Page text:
District of Columbia Mayor Marion Barry, in his first major legislative initiative, proposed yesterday a 77-point package touching many aspects of D.C. life, ranging from increased welfare payments and voting rights for prisoners to mandatory auto liability insurance.

Barry set no priorities with the legislation and proposed few broad legislative outlines that would drastically change government policy. Instead, he proposed a host of consumer protection items asked more strict government regulation over various operations and requested authority to carry out numerous bureaucratic housekeeping chor

At the same time, the city's mayor of three weeks also submitted legislative plans to implement several of his campaign promises -- eliminating boarded up-houses, encouraging District of Columbia residency for all who work in the city and providing more jobs for the hard-core unemployed.

"As we enter our fifth year of home rule, the goals and aspirations of our residents have manifested a clear desire to have their government improve its management and address problems in a timely and effective way," said Barry, breaking with the style of his predecessor, Walter E. Washington, and presenting his proposals to the City Coucil in person.

"Accordingly," Barry said, "my legislative program includes a number of proposals that are designed to improve the ability of the departments and agencies to meet the daily need of our citizens for city services."

Among the proposals in the Barry package were measures that would encourage small loan companies to operate in the city, allow longer hours of operation for liquor stores, prohibit utility cut-offs for nonpayment of bills and establish a five-member board to manage the proposed $99 million downtown convention center.

Barry also asked the council for authority to require registration of longstanding vacant buildings and to rehabilitate those buildings at the owners' expense. He asked for money for subsidies to medical and dental students, a ban on high phosphate detergents, financial incentives for businesses that hire D.C. residents and a $300-a-year clothing allowance for some city fire inspectors.

Barry characterized the package as "a comprehensive, progressive legislative program." He did not include, however, estimated costs of most of the items.

Not all the proposals were Barry's. Fifteen of the 77 items were left over from the Washington administration. Another, a proposal to withdraw the congressionally granted tax exemptions on 42 special properties, was proposed by Council member David A. Clarke (D-Ward1) in 1975 and, in effect, stalled in the council's finance and revenue committee for three years while Barry was chairman.

That proposal angered Clarke yesterday, who quipped, "He held it up all through his chairmanship -- and now he proposes it."

The proposal to require automobile liability insurance would affect about 350,000 city motorists. Current city law requires only that drivers in most accidents prove they have insurance or the financial ability to pay any property damage or personal injuries. Those who cannot offer such proof stand to lose their driver's permits or their auto tage.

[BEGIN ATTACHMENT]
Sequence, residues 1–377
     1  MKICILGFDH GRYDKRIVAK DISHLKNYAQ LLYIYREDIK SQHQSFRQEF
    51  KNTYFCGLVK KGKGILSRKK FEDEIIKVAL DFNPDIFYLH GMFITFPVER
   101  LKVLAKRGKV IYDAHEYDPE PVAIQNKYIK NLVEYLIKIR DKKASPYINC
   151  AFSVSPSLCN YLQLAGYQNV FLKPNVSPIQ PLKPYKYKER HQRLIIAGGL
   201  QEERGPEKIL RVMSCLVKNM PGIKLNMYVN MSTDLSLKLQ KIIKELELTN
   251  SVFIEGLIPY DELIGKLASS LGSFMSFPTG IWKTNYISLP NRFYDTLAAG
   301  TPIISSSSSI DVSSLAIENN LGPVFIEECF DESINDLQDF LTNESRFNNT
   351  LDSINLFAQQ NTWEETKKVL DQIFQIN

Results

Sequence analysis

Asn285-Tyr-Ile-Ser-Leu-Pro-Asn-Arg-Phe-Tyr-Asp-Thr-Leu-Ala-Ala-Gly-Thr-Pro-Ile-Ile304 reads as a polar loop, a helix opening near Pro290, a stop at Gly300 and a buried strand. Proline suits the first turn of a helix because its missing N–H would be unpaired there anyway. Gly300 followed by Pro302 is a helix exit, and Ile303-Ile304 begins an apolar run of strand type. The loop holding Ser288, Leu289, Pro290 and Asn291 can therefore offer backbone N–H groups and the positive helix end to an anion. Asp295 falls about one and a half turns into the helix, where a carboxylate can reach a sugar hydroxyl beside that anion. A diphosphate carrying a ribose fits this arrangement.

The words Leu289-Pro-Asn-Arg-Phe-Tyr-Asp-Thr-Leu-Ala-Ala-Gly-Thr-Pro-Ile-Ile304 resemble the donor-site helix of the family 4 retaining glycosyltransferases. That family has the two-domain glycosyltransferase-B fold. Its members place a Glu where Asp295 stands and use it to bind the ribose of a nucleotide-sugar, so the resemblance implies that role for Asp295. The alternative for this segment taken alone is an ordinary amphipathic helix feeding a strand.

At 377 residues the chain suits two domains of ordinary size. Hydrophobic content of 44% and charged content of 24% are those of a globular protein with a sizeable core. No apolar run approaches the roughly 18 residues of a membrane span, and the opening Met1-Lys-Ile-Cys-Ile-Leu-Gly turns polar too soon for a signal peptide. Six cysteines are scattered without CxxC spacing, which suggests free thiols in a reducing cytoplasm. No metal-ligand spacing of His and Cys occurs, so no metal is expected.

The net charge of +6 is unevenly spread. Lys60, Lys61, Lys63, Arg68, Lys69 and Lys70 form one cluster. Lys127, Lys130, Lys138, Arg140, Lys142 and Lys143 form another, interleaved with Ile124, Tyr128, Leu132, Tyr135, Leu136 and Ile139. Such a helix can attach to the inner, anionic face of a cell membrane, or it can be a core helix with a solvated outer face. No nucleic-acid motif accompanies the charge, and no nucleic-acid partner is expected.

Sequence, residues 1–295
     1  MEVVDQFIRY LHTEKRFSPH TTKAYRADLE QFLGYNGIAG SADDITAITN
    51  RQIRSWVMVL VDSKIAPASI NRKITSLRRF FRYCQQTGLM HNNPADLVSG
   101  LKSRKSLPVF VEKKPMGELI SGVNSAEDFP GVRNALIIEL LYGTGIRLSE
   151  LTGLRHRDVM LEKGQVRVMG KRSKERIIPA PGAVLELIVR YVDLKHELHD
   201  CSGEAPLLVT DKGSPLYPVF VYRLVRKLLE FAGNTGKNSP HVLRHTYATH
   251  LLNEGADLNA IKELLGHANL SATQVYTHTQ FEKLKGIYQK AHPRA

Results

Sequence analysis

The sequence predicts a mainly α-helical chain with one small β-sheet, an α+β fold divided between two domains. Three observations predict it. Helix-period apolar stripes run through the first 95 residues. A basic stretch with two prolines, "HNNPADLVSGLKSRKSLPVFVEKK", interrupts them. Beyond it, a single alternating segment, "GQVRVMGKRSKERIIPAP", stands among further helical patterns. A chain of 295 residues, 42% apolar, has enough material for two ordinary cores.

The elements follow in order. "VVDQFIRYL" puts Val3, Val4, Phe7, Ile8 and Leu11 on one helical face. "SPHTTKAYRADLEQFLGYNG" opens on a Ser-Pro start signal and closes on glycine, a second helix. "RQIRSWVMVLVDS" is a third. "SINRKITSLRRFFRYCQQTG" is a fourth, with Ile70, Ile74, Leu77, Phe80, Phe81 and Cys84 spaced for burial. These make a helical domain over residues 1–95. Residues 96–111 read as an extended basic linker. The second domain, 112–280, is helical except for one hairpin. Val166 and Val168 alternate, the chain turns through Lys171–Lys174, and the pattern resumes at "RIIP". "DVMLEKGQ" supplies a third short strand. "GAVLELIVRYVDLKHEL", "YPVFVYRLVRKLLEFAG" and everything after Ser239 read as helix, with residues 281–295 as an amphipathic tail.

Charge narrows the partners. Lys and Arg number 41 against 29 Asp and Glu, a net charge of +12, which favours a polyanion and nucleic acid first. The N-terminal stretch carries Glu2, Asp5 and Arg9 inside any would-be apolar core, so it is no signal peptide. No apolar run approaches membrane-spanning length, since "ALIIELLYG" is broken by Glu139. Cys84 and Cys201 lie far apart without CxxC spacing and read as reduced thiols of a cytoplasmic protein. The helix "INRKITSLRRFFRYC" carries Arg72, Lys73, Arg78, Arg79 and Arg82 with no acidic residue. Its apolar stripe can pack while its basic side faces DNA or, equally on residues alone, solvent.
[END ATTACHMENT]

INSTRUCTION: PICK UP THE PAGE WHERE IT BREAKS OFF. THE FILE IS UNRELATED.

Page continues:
Only about half the city's motorists carry insurance, according to Richard Sommer of the D.C. Department of Transportation.

About 24 states, including Maryland, now require all drivers to carry liability insurance. A bill similar in principle to the Barry measure was introduced yesterday by Council member Betty Ann Kane (D-at large).

Among the bills sent to the Council by the mayor yesterday was a $3.8 million dollar proposal to provide subsidies to 190 dental and medical students as a way of increasing the number of health care professionals in the District of Columbia.

In exchange for financial assistance to help cover tuition, living expenses, equipment and textbooks, the students would agree to work in certain city health facilities or establish practices in areas of the city where there are not enough physicians and dentists.

To encourage employers to hire more city residents -- a central plank of his campaign platform -- Barry would provide a tax credit of from $20 to $50 a year for three years for "each economically disadvantaged person" hired. Barry also would provide incentives in the form of quarterly tax rebates that would reward firms that locate in the city and employ D.C. residents.

Barry also said he would introduce legislation that would use city funds and those from the federal Comprehensive Employment and Training Act (CETA) to create jobs for city youths. He also plans to propose legislation to provide day care services for parents enrolled in approved job training programs.

Barry proposed new or revised licensing and regulation procedures in several areas, including regulation of security alarm systems, drug abuse treatment facilities, sidewalk cafes, pharmacies, pharmacists, funeral directors, dentists and firms specializing in housing location.

As a means of cutting down on pollution by discouraging automobile use, Barry also proposed that public and private employers charge their employes commercial rates for long-term parking in areas where there is adequate public transportation.